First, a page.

Delaying the measles vaccine might increase your child’s risk of this:
There are many myths about vaccinations floating around the Internet, says Dr. Simon Hambidge. One – that giving vaccinations too close together is unhealthy– has prompted some parents to request that their children receive vaccines on an alternate schedule, Hambidge told CNN in an e-mail.
Hambidge, an expert in pediatric vaccination with Kaiser Permanente’s Institute for Health Research Colorado, is lead author of a new study that examines the association between vaccine timing and seizures.
His team found that in the first year of life, there is no relationship between the recommended vaccine schedule and seizures.
But delaying the measles vaccine until after a child is 15 months old may raise his or her seizure risk. The study results were published Monday in the journal Pediatrics.
“A number of people have claimed that a young child’s immune system is not robust enough to be given multiple vaccines, and that it is safer to ‘spread out’ vaccination,” Hambidge said. “There is no scientific evidence for this, and there is evidence that it is safe and effective to follow the current recommended schedule.”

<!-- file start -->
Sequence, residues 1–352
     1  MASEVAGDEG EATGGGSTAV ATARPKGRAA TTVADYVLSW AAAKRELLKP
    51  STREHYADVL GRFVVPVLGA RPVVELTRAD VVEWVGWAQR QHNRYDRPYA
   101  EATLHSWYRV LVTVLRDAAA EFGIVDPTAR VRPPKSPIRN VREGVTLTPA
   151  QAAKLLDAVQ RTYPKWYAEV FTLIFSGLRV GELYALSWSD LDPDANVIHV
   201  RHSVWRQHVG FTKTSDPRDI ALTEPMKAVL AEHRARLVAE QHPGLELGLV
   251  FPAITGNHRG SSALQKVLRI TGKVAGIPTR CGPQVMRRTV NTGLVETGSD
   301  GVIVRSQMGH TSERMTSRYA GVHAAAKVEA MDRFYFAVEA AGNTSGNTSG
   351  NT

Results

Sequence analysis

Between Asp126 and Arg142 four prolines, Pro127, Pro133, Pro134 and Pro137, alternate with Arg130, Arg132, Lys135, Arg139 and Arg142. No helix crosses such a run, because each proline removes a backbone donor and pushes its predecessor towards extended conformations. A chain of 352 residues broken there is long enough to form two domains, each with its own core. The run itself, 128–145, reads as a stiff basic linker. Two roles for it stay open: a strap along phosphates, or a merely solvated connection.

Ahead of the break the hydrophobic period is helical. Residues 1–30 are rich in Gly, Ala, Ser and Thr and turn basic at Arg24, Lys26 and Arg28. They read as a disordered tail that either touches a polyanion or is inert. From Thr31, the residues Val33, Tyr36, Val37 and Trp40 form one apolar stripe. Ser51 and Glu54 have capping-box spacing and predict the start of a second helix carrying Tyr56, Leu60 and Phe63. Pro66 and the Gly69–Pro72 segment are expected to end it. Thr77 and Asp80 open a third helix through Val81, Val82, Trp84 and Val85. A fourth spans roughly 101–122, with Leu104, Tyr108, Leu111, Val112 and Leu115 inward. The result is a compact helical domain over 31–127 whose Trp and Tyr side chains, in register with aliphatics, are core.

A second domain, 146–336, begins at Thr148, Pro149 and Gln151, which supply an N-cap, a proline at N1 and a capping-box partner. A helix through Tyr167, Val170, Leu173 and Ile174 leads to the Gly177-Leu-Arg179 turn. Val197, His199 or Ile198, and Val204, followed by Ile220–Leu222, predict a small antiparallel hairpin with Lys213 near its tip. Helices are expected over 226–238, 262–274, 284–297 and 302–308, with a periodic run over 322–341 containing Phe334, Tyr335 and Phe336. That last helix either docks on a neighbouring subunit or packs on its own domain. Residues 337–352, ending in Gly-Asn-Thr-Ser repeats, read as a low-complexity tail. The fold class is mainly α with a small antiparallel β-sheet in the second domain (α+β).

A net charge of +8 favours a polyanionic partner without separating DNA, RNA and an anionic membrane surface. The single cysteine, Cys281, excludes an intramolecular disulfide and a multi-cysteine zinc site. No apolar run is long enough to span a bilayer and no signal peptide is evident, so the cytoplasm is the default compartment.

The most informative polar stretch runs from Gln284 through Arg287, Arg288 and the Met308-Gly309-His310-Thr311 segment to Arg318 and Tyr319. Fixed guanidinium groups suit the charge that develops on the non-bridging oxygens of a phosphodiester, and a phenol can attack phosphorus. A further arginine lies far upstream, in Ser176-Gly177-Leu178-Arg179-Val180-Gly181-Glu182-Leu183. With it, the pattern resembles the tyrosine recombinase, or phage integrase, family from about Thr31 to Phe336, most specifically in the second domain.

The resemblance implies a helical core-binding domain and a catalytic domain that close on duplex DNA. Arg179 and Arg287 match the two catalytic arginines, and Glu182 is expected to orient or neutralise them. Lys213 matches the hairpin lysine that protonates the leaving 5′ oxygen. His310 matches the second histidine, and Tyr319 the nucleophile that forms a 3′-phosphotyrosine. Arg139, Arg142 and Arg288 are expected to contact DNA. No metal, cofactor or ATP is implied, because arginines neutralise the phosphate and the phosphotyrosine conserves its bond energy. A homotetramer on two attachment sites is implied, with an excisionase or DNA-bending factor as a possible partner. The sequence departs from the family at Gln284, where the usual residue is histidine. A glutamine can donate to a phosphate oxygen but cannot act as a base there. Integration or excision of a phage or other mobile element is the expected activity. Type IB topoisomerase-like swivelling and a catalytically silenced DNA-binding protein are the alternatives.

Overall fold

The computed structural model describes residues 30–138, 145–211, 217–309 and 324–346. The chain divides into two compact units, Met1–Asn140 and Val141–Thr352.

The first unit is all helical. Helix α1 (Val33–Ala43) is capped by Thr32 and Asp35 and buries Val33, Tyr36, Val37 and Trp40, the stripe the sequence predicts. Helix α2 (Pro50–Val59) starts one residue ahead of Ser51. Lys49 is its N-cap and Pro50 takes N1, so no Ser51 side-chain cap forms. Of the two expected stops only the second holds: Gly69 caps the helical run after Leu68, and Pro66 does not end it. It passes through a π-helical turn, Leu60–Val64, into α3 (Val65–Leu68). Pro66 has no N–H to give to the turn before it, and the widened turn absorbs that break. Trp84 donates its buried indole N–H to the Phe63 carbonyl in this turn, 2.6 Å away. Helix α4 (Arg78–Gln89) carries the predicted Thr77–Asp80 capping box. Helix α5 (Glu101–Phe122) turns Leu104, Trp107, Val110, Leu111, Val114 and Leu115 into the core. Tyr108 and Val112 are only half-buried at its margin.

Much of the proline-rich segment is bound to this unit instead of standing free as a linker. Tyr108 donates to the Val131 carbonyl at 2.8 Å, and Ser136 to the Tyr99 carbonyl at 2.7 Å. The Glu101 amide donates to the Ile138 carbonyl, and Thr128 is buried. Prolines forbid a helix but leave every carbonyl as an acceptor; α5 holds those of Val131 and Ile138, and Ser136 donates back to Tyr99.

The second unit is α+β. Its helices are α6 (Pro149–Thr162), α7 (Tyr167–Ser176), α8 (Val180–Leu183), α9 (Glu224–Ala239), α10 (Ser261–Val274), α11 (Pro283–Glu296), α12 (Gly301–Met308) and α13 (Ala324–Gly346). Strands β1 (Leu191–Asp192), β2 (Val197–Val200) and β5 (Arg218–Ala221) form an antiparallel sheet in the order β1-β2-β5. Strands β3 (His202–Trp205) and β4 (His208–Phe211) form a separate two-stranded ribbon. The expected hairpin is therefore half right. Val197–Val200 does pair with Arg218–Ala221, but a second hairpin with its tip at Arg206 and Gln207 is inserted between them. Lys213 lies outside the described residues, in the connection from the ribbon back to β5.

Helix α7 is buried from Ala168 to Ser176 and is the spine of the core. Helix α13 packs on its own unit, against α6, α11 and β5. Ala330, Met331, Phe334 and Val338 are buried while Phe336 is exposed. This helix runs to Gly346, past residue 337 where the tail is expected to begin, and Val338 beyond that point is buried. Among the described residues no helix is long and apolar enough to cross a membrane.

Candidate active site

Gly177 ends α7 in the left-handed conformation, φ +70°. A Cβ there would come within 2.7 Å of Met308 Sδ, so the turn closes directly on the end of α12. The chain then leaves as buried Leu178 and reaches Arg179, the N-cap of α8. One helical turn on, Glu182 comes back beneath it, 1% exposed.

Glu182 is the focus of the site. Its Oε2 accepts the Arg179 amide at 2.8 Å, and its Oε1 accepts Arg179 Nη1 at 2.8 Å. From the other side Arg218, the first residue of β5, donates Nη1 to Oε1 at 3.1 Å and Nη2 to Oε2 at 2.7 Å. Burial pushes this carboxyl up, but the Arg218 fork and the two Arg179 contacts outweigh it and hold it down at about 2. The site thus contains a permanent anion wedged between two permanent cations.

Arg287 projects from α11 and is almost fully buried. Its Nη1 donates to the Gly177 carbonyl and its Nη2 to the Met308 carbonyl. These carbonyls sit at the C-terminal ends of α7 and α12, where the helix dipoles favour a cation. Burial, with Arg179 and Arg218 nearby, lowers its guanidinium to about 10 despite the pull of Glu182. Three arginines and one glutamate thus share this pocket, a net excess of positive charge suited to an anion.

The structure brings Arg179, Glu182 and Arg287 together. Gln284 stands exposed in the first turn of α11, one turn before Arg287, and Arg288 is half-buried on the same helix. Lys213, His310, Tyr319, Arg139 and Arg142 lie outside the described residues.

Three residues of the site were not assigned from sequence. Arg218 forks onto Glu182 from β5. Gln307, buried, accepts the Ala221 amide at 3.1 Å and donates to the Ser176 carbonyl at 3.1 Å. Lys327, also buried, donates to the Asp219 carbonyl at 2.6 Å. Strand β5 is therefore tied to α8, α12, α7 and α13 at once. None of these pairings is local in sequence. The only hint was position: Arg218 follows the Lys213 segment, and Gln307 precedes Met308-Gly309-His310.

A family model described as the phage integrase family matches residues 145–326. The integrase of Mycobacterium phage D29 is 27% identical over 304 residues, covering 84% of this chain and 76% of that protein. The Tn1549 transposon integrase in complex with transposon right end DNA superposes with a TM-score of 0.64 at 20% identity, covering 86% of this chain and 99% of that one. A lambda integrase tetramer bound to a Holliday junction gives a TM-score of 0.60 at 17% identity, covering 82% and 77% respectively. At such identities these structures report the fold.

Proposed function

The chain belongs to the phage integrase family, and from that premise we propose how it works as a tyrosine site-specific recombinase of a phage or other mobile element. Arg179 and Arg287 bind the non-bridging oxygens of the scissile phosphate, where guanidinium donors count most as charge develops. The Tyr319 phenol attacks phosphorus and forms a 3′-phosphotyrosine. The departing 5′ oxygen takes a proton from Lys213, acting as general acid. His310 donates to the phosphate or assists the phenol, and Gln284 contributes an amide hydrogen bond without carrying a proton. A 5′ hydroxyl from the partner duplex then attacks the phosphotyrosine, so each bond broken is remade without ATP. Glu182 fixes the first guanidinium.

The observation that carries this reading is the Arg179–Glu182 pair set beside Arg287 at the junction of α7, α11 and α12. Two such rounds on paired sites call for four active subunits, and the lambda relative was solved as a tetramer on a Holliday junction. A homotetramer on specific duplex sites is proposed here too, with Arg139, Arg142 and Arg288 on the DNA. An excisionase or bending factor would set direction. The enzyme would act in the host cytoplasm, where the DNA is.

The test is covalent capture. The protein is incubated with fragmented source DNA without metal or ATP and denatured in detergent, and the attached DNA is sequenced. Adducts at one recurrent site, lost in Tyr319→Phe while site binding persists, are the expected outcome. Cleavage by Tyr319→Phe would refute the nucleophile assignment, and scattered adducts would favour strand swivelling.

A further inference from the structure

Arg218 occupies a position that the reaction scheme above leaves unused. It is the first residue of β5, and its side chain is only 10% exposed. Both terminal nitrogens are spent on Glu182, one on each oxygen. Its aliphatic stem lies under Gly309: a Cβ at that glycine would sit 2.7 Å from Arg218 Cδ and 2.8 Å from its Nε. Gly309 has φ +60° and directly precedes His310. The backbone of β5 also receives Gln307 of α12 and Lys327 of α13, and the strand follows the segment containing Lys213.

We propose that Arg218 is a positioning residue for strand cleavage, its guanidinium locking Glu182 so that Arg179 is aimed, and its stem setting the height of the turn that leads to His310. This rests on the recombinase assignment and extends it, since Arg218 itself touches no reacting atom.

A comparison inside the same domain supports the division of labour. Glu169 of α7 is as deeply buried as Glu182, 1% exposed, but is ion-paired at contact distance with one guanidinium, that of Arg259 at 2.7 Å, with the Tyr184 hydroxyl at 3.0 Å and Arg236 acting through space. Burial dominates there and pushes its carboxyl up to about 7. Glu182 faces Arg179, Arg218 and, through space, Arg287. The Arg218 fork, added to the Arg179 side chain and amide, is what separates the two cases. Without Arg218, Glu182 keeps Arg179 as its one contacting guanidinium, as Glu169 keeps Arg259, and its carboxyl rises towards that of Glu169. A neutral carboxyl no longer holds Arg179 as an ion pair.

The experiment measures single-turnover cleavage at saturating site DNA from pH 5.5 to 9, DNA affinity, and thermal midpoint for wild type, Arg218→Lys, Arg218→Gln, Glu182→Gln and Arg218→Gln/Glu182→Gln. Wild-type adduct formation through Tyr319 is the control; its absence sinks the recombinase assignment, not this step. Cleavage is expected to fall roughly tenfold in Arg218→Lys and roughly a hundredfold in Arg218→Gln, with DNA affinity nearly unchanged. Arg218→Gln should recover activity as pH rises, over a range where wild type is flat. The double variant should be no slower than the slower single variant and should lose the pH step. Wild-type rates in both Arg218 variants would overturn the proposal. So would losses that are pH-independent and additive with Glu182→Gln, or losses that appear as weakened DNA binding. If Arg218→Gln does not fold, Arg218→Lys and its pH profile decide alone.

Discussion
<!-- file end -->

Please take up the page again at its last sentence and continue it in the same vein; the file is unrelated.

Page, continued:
The study suggests that children who receive childhood vaccines in the first year of life do not have an associated risk of seizure. But seizure risk may increase in the second year of life with measles vaccines specifically.
The overall risk of seizures in vaccines that contain measles is “real but very low,” Hambidge said — it’s about 1 in 4,000 doses, according to previous research. It appears that the risk of seizures is about 2 in every 4,000 doses for children who receive the first MMR vaccine between 16 and 23 months of age.
Meanwhile, the study found that getting the MMRV vaccine, instead of the MMR and varicella vaccines separately, increases the risk of seizures twofold — regardless of whether the vaccine was given on time. The association with seizures was strongest for children who received the MMRV vaccine between 16 and 18 months of age.
The results support a 2010 study that found additional febrile seizure risk from using MMRV instead of MMR plus varicella separately. But the absolute risk remains small: For every 2,300 MMRV doses given in the second year of life, there is one additional febrile seizure in the seven to 10 days following vaccination.
Bottom line: Do what your doctor says and vaccinate against measles on time. Have a conversation about MMRV versus MMR if you have questions or concerns. The CDC recommends receiving the MMR and varicella injections separately.